Evidence based medicine incorporates the best research evidence with clinician knowledge and patient's values and preferences. However healthcare providers often fall short. ‘Bridging the quality chasm’ the 2001 report from the US Institute of Medicine (IOM), highlighted the issues of “overuse, underuse, and misuse” in healthcare [
]. Of these, the evidence-practice gaps of “underuse” and “overuse” are likely to be substantial contributors to the preventable burden of harm from poor quality of care [
- Institute of Medicine
Crossing the quality chasm: a new health system for the 21st century.
Washington Institute of Medicine, 2001
]. Sometimes the gap is due to a failure of implementation. There are numerous examples where research evidence of benefit has taken years to be adopted in practice (e.g. crystalloid fluids for shock management). However, most care is delivered as a bundle where multiple processes all synergistically work towards patient outcomes. A study by Rayan et al. of 774 randomly selected patients with moderate to severe injuries admitted to US level one trauma centres, found only 53% of patients who met recognized clinical criteria received common trauma-specific processes of care [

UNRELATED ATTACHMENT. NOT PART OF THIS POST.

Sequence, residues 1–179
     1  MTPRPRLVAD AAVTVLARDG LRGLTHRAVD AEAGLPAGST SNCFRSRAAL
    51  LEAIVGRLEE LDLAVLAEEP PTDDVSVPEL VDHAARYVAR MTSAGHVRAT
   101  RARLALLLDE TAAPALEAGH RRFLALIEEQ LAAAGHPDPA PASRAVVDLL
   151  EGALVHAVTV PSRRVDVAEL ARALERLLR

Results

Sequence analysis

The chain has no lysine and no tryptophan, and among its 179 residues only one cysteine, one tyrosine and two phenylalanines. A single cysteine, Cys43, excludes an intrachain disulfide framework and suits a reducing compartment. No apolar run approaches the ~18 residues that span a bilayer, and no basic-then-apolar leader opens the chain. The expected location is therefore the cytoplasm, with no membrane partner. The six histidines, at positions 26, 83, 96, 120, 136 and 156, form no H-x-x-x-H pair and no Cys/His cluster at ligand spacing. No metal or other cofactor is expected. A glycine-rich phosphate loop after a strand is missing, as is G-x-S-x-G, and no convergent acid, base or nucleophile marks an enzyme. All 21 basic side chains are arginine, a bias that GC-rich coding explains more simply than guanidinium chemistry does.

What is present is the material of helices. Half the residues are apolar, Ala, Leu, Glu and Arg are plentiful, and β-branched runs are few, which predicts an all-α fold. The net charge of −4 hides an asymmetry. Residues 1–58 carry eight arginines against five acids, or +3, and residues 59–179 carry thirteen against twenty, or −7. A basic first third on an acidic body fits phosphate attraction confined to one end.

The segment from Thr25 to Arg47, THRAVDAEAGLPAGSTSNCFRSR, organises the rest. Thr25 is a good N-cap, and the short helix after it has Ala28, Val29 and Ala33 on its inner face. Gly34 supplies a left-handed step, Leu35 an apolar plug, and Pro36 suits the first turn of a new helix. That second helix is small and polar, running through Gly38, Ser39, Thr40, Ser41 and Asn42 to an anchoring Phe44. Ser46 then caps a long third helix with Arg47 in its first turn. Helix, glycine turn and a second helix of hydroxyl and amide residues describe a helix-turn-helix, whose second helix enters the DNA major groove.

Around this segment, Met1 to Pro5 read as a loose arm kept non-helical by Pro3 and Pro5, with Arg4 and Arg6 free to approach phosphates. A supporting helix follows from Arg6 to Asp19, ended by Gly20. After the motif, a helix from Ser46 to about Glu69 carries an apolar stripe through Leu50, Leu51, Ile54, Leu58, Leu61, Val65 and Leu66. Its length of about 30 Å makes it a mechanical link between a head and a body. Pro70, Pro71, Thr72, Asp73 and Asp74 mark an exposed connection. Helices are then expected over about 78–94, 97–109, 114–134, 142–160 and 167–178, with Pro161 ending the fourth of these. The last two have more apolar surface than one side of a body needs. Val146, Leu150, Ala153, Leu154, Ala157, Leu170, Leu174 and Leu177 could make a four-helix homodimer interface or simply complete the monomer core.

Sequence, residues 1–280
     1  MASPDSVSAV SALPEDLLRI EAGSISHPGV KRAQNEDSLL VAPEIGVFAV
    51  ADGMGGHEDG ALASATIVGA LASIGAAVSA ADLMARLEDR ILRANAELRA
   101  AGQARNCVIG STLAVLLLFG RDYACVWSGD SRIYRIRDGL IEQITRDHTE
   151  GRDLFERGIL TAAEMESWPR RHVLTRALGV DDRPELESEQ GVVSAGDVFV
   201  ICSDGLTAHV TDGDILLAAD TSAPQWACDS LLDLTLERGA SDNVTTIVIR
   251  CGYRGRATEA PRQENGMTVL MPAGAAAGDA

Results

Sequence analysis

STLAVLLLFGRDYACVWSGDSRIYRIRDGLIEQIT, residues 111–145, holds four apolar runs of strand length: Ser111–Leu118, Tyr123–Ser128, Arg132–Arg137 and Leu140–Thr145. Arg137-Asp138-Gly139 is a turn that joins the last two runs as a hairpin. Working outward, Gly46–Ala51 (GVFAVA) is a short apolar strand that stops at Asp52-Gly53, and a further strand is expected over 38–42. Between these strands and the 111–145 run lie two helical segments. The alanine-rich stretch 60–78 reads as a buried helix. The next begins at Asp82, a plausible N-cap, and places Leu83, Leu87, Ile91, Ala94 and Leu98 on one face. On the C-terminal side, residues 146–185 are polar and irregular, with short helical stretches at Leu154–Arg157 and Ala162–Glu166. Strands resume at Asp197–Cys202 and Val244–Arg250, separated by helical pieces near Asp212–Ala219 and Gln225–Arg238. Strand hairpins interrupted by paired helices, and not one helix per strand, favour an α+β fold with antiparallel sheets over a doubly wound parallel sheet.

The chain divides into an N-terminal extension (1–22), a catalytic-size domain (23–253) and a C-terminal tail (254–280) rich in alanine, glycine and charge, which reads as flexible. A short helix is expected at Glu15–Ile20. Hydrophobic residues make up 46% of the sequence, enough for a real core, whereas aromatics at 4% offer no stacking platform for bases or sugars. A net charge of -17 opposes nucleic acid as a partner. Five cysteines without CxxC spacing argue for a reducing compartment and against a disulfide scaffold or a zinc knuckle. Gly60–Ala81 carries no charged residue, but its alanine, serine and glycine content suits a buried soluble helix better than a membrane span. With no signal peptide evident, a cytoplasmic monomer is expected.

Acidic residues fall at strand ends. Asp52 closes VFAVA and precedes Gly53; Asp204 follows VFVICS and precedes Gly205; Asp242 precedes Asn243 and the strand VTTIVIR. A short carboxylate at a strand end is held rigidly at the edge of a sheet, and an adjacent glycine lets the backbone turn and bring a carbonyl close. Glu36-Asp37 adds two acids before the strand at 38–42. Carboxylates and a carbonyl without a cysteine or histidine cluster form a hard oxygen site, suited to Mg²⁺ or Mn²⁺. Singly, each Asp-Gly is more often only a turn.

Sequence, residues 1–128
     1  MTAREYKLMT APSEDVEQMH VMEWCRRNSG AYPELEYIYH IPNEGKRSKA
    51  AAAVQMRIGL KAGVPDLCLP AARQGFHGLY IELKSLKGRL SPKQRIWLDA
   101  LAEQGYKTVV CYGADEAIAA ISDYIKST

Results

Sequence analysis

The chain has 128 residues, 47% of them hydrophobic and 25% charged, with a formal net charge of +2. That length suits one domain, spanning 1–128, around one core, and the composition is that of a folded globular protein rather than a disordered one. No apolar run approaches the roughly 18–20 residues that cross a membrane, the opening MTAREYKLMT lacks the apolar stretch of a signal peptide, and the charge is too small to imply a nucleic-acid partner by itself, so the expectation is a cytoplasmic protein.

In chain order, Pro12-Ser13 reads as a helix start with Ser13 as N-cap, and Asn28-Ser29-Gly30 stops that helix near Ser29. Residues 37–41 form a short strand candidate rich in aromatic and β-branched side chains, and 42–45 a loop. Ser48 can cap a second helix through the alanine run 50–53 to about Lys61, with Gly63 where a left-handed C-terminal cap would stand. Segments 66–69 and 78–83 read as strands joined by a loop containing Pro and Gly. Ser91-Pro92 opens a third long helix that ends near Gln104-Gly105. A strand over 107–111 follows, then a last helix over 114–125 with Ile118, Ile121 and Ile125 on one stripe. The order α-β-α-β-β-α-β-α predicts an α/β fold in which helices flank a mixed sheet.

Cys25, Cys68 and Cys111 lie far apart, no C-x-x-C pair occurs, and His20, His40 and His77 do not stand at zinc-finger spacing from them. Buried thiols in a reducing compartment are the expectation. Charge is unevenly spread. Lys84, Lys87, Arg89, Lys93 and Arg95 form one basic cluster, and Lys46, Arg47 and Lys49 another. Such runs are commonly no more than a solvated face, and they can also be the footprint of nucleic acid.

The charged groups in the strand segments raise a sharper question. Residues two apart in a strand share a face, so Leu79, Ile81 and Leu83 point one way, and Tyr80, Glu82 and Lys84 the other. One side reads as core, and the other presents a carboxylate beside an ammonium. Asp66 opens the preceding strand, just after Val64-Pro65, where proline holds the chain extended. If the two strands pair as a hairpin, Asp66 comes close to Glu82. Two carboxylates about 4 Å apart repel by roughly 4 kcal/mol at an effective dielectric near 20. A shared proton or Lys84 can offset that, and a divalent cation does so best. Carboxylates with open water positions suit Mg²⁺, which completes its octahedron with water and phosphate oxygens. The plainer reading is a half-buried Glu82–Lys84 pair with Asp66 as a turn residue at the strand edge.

- Glasziou P.
- Haynes B.
The paths from research to improved health outcomes.
Evid Based Med. 2005; 10: 4-7
]. Using similar methodology, Shafi et al. found that after adjusting for potential confounders patients who received all recommended care were 58% less likely to die (OR 0.42; 95% CI, 0.28–0.62) than those who did not [
- Rayan N.
- Barnes S.
- Flemming N.
- Kudyakov R.
- Ballard D.
- Gentilello L.M.
- et al.
Barriers to compliance with evidence-based care in trauma.
J Trauma Acute Care Surg. 2012; 72: 585-593
- Shafi S.
- Barnes S.
- Rayan N.
- Kudyakov R.
- Foreman M.
- Cryer H.G.
- et al.
Compliance with recommended care at trauma centers: association with patient outcomes.
J Am Coll Surg. 2014; 219: 189-198
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